- Make time to see friends.
It can be hard finding time to see friends during the week between classes, homework, studying, working, and attending to other responsibilities. Friends are another great source to relieving stress, increasing a sense of belonging and contributing to our happiness. Make it a tradition to meet up with friends at the dining hall for dinner, go to the library together to do homework, form an intramural team with a group of friends, or make some fun plans for the weekend to look forward to, such as going to a UMass Lowell hockey game or visiting Mill No. 5 in Lowell.
- Take a break from social media.
You hear your phone buzz from across your desk as you study and naturally find yourself reaching for it. It’s a Tik Tok notification. One thing leads to another, and you find two hours have passed scrolling through videos. We have all done it. Snapchat, Instagram, Facebook, Tik Tok, Twitter – it all consumes us. Logging off for a couple of days will not only conserve a large portion of our time and allow us to focus but can also give us the opportunity to enjoy interacting with others in person. In addition, social media can contribute to mental health issues, such as anxiety and depression. Try logging off for a couple of days and see how it improves your well-being.
- Try meditation and journaling.
Mental health challenges affect college-aged people more than any other age population. Managing your mental health and finding what methods work best for managing and preventing these challenges from impacting your daily life is critical. I have found short meditation videos on YouTube to be exceptionally effective in reducing stress and anxiety (Daily Calm videos are great!). You can even find a meditation playlist on Spotify to help yourself relax as you fall asleep. Another healthy way to maintain mental health is to journal. Write about your day, good and bad, or something you’ve been struggling with and how you plan to overcome it. Write one thing that you are proud of yourself for accomplishing or goals you hope to achieve in the future. If meditation or journaling does not appeal to you, there are countless other ways you can care for your mental health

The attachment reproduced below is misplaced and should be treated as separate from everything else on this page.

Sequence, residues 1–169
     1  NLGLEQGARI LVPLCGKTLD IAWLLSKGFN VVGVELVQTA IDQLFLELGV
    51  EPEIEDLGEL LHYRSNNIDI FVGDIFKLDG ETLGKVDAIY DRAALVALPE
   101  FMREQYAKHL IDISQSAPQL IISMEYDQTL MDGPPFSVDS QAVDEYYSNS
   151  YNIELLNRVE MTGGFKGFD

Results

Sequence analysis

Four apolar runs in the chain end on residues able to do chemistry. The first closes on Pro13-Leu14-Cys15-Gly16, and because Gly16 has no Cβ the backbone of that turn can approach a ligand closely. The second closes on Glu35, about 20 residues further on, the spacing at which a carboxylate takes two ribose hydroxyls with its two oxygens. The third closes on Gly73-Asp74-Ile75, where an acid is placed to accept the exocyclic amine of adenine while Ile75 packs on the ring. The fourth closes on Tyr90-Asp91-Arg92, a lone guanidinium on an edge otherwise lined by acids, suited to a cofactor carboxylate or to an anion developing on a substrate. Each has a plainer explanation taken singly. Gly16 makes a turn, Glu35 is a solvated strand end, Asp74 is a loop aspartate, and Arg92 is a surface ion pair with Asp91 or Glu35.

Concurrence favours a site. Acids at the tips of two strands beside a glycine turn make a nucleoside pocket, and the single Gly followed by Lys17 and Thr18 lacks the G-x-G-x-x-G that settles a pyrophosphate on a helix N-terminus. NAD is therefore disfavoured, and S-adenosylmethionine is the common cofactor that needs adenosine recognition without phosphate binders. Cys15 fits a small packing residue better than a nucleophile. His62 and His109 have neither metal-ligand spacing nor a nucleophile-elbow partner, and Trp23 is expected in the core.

- Do something every day that makes you happy.
Happiness is something we all need in our lives. Watch your favorite television show or a movie you’ve been wanting to see, go outside (if the New England weather allows), bake cookies, facetime your friend from home, join that club you’ve been interested in. Life is too short not to do what makes you happy. Managing your priorities to make time for doing things that make you happy will increase your motivation, reduce stress, and contribute to living a happy and healthy life.
I hope that at least one of these tips has caught your eye. If you find yourself struggling to attempt any of these suggestions, reach out to a Well-Being Leader on campus at www.uml.edu/wellbeing/well-being-leaders. We are eager to help students find ways to stay healthy along these eight dimensions of wellness: emotional, financial, spiritual, occupational, physical, environmental, social, and intellectual health. We are here for you!
If there is one thing you take from reading this, remember that you are a person before you are a student. Your mental and physical health take priority over anything else. Staying healthy throughout this semester will not only allow you to apply yourself to your fullest potential but will help you lead a healthy life.